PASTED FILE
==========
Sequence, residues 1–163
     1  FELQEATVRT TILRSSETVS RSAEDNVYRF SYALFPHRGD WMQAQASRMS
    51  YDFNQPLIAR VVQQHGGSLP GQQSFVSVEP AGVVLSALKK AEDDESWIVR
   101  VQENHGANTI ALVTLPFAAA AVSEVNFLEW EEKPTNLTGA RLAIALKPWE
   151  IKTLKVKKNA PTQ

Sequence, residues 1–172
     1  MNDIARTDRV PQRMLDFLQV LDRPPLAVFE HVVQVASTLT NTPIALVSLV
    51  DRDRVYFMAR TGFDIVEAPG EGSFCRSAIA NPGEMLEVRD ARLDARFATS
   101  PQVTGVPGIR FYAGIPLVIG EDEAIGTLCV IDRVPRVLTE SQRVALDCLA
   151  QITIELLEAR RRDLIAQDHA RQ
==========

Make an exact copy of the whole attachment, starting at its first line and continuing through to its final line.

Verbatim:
Sequence, residues 1–163
     1  FELQEATVRT TILRSSETVS RSAEDNVYRF SYALFPHRGD WMQAQASRMS
    51  YDFNQPLIAR VVQQHGGSLP GQQSFVSVEP AGVVLSALKK AEDDESWIVR
   101  VQENHGANTI ALVTLPFAAA AVSEVNFLEW EEKPTNLTGA RLAIALKPWE
   151  IKTLKVKKNA PTQ

Sequence, residues 1–172
     1  MNDIARTDRV PQRMLDFLQV LDRPPLAVFE HVVQVASTLT NTPIALVSLV
    51  DRDRVYFMAR TGFDIVEAPG EGSFCRSAIA NPGEMLEVRD ARLDARFATS
   101  PQVTGVPGIR FYAGIPLVIG EDEAIGTLCV IDRVPRVLTE SQRVALDCLA
   151  QITIELLEAR RRDLIAQDHA RQ